Too Many Things, Not Enough Time


Go ahead and try to define time.  Go on.  I’ll wait.

It’s hard, isn’t it?  My definition would probably be something like this:  ‘Time is a thing that happens because it does’.  You can measure it, sure, that’s why watches exist.  Things happen in a certain amount of time.  But that’s not a definition, really; we’re not defining what time is, merely how things work because time exists.  Then there are phrases like ‘a point in time,’ as if time is fully continuous and yet certain moments within it can be pinpointed.  Time is weird.

Despite the non-definition of time, I can conclusively say that we don’t have enough of it.  Even Gandalf didn’t have enough time, saying in The Lord of the Rings, “Three hundred lives of men I’ve walked this earth and now I have no time.”  Old people wish they had more time.  Young people wish they had more time.  We all live and die, or at least all evidence supports this; due to the number of people alive who have not died yet, the human mortality rate is only 93%.  Because statistics are fun.

Beyond the large, philosophically weighted implications of the limit of time, which I will not discuss further, there are other, smaller indications of the lack of time.  The banner phrase representing this idea is thus:

“I can’t believe you haven’t watched/read/played/heard this movie/book/game/piece!”


Let’s do some math, shall we?  Don’t worry, there won’t be any integration, derivation, or long division of polynomials.  Simple arithmetic will do.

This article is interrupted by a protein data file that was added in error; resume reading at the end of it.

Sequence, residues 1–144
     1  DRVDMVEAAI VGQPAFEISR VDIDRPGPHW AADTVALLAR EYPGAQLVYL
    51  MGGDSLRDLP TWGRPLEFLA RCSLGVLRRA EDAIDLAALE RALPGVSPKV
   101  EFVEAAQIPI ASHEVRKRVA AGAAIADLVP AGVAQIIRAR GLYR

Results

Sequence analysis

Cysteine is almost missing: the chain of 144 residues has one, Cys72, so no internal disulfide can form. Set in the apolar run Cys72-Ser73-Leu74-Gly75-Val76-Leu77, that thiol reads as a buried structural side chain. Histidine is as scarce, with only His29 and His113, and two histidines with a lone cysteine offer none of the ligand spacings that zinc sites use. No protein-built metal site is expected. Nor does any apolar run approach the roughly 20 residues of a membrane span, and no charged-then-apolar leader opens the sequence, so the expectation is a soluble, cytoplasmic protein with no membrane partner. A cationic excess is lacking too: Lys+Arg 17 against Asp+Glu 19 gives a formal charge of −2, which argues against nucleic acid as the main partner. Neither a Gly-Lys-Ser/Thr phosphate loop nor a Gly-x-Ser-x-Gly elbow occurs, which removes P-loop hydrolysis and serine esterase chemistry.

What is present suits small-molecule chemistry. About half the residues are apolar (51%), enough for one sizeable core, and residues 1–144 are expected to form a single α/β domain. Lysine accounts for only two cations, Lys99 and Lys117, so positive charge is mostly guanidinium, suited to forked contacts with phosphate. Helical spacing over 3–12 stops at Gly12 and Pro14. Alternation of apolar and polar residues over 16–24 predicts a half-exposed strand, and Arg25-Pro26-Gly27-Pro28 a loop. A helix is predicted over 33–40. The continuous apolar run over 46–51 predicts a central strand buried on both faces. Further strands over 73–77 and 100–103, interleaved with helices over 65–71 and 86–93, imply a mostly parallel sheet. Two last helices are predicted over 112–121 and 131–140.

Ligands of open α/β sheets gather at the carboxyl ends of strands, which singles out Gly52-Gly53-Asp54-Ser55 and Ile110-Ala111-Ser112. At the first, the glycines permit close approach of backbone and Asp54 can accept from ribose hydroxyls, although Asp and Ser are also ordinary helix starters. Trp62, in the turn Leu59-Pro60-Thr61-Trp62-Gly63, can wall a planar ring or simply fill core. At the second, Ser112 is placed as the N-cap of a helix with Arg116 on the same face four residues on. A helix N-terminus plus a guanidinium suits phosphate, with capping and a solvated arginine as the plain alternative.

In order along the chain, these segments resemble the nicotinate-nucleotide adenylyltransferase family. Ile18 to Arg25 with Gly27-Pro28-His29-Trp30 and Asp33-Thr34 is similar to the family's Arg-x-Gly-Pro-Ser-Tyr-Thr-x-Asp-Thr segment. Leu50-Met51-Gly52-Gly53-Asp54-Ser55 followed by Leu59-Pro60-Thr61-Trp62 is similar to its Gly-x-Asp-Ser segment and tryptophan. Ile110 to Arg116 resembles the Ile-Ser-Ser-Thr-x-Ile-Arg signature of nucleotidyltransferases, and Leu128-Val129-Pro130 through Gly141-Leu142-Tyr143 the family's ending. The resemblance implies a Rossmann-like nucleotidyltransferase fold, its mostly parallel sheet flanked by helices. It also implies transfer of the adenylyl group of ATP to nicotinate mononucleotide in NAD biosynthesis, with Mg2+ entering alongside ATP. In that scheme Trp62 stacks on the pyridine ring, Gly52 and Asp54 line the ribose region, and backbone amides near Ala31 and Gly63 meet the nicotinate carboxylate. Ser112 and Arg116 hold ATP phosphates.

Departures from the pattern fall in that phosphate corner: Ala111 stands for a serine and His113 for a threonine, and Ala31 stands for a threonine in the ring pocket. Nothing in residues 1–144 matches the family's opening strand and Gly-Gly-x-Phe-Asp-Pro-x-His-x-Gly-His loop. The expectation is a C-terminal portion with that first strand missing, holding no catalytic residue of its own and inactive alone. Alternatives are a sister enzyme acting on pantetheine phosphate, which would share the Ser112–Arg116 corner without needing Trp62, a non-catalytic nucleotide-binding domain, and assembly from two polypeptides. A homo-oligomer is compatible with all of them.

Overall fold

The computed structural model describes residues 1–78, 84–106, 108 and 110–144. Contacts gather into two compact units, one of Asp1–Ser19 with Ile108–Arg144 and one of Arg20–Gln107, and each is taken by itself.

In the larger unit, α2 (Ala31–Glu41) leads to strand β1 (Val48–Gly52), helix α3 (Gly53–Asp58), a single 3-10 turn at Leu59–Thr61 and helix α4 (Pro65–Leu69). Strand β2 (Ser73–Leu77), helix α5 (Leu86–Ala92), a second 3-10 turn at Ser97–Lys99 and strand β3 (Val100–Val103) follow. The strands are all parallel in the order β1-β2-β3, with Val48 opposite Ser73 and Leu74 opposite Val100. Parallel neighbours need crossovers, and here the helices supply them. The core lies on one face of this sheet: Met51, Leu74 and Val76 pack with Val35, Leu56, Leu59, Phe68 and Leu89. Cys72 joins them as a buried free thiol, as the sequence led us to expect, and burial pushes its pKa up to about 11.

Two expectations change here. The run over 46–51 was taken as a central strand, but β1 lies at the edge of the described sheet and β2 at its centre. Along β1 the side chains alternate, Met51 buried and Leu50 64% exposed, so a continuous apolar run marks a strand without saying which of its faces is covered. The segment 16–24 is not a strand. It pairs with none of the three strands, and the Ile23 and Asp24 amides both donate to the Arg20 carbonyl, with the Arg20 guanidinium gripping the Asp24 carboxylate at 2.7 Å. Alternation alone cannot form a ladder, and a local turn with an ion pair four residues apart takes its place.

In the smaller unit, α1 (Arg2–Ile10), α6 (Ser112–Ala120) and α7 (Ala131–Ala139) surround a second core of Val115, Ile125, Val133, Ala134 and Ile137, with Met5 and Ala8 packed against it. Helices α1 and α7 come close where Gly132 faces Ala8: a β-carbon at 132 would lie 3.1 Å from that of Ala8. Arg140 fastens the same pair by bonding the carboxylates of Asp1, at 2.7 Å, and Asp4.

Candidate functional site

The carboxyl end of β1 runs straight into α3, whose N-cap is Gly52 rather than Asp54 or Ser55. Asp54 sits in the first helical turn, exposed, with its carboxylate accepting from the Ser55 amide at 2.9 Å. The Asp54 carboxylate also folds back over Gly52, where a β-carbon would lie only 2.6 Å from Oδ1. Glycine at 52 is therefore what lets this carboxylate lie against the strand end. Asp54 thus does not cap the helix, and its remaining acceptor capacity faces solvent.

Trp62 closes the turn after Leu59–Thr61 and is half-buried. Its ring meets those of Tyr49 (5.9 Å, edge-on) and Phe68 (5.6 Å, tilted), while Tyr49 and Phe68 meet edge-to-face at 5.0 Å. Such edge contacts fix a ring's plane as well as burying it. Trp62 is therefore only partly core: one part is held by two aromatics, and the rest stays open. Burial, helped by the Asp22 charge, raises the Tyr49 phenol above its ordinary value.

Fernando works a standard 8-5 accounting job totaling 40 hours a week.  He goes to bed at 11 on weekdays in order to get up at 7; Fernando likes his sleep.  After eating dinner with his wife, Ortega, Fernando has 3 hours of free time each evening.  On the weekends, Fernando runs errands, goes to church, and naps.  Let’s say he gets another 12 hours of free time between those days.

Fernando has 27 hours a week of free time, time he can choose what he wants to do.  This translates to 1404 or so hours a year.  Fernando enjoys baseball and football, along with watching a couple shows on TV and Friday movie night with Ortega.  Let’s say Fernando watches half of all the baseball in the season, three quarters of the football games, and watches three 20-episode shows, along with one movie per Friday.  His free time would look like this:

3 hours/game x 80 games = 240 hours

3 hours/game x 12 games = 36 hours

1 hour/show x 20 episodes x 3 shows = 60 hours

2 hours/movie x 52 movies = 104 hours

Total:  440 hours

Of course, I didn’t include any time spent reading, or travelling, or vacations, or interneting (which we all know is a big time-waster), or whatever.  So, Fernando has used up about a third of his total hours.  Not so bad, right?

However, let’s take a look at the total amount of content that was produced in the categories in which he is interested:

162 games/season x 3 hours/game x 30 teams/2 (because each game features 2 teams) = 7,290 hours